Compare HRA, HSA and FSA

Flexible Spending Accounts are a great way for your employees to save money on healthcare and childcare costs...and reduce your payroll taxes! See which plan/account works best for your company.

2019 Comparison

 

HRA
(Health Reimbursement Arrangement)

HSA
(Health Savings Account)

FSA
(Flexible Spending Account)

Definition

An employer-funded medical expense reimbursement plan for qualifying medical expenses.

An employer- and/or employee-funded account in the employee’s name (eligible individual) for current and future medical expenses; requires a high-deductible health plan and a qualified trustee or custodian.

An employee- and/or employer-funded account for qualifying medical expenses.

Qualifications

Any size group (only common-law employees can participate on a tax-free basis).

Any size employer (only eligible individuals can establish an HSA).

Any size group (only common-law employees can participate).

Employer tax savings

Contributions are tax-deductible when paid to the participant to reimburse an expense.

Contributions are tax-deductible in the year the contribution is made.

Contributions are tax-deductible when paid to the participant to reimburse an expense. As a result of salary reductions, lower adjusted employee income reduces employer-matching FICA & federal unemployment.

Employee tax savings

Reimbursements for eligible expenses are excluded from income.

Contributions can be pre-tax or are tax-deductible on the employee’s personal tax return. Funds earn interest tax-free. Reimbursements for qualified medical expenses are excluded from income. Employee may withdraw funds for non-medical expenses that are subject to income and excise tax.

Contributions are made pre-tax. Reimbursements for eligible expenses are excluded from income.

2019 maximum contributions

Employer determines maximum contribution.

The IRS determines the maximum contribution limit. Maximum contributions for 2019 is limited to,$3,500 (single), $7,000 (family). Additional contributions allowed for ages 55 and older. Partial-year restrictions apply.

Employer determines maximum contribution, not to exceed the IRS maximum contribution limit. The IRS maximum contribution for 2019 is limited to ($2,700). ($2,650 in 2018)

Source of funding

Employer

Employer, employee and any other individual

Employer and employee

Who owns unused funds?

Employer (unless benefits are paid from a trust)

Employee (eligible individual name on the established trust account)

If funds attributable to employee are pre-tax salary reductions, the plan owns (in the case of an ERISA plan)

Are funds portable?

No (however, it may have a post termination spend-down feature).

Yes, funds belong to the employee (or eligible individual).

No

Do funds rollover?

Yes, if employer specifies.

Yes

A plan may be designed to allow up to $500 in unused funds to carryover into the next plan year. If the plan does not have a carryover feature, an employer may establish a grace period. For more information, see your health plan documents or contact BenefitHelp Solutions.

Funding Requirement

Not required to pre-fund - uniform coverage rule does not apply.

Funds must be present before withdrawal is made. Employer may contribute to HSA over time or all at once.

Uniform coverage rule applies. Claims must be paid without regard to contribution amount.

2019 deductible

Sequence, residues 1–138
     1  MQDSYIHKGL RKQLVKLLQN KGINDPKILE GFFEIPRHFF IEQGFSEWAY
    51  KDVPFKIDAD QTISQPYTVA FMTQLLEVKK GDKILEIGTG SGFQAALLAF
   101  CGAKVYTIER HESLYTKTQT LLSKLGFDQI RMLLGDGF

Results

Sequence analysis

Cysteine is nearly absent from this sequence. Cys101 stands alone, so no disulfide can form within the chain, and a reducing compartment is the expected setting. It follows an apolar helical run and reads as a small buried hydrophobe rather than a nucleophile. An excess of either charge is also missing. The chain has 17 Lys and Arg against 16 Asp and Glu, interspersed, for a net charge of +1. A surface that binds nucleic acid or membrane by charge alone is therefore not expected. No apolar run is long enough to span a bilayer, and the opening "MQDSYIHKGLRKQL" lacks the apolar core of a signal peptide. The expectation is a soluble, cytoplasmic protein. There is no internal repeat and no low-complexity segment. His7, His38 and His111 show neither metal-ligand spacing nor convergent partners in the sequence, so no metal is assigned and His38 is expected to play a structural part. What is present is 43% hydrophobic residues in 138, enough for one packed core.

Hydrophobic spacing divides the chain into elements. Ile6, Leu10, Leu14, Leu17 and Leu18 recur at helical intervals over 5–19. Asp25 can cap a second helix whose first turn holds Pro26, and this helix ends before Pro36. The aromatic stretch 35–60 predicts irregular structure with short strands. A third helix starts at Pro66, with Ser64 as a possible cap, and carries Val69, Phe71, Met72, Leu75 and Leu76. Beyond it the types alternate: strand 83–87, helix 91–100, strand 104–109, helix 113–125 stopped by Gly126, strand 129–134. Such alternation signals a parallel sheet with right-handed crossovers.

An HRA is not subject to a minimum deductible. An HRA may be offered in conjunction with a high-deductible health plan (deductible amount established by employer).

$1,350 min (single)
$2,700 min (family)

Healthcare FSA is not subject to a minimum deductible.

2019 maximum out-of-pocket

Employer sets funding levels.

$6,750 min (single)
$13,500 min (family)

Employer sets funding levels

Allowable expenses and plan restrictions

Can be offered alone or in conjunction with a major medical plan. Allows otherwise unreimbursed Code 213(d) medical expenses, including certain health insurance premiums. May not reimburse expenses for qualified long-term care services. Employer may restrict scope of reimbursements by plan design. If participant also has an HSA, HRA must be limited to dental expenses, vision expenses and expenses constituting preventive care. Over-the-counter drugs and medicines (except insulin) are not eligible unless prescribed by a medical provider.

Can only be established by those who have qualifying high-deductible health plan coverage (deductible must meet statutory limit) and no disqualifying non-high deductible health plan coverage. Employees who are entitled to Medicare cannot establish or contribute. Allows otherwise unreimbursed medical Code Section 213(d) expenses, excluding most premiums. Employer cannot restrict the scope of HSA distributions, except for expenses paid with an electronic payment card (so long as account beneficiary has other means to obtain funds from HSA). Over-the-counter drugs and medicines (except insulin) are not eligible unless prescribed by a medical provider.

Can be offered alone or in conjunction with a major medical plan. Allows otherwise unreimbursed Code 213(d) medical expenses, excluding premiums on qualified long-term care services. Employer may restrict scope of reimbursements by plan design. If participant also has an HSA, FSA must be limited to dental expenses, vision expenses and expenses constituting preventive care. Over-the-counter drugs and medicines (except insulin) are not eligible unless prescribed by a medical provider.

Prescription co-pay

Yes, depending on the plan set by the employer.

Yes

Yes

Non-medical expense withdrawals

No

Taxable and subject to a 20 percent penalty (no penalty if age 65 or older, or disabled as defined by Code Section 72).

No

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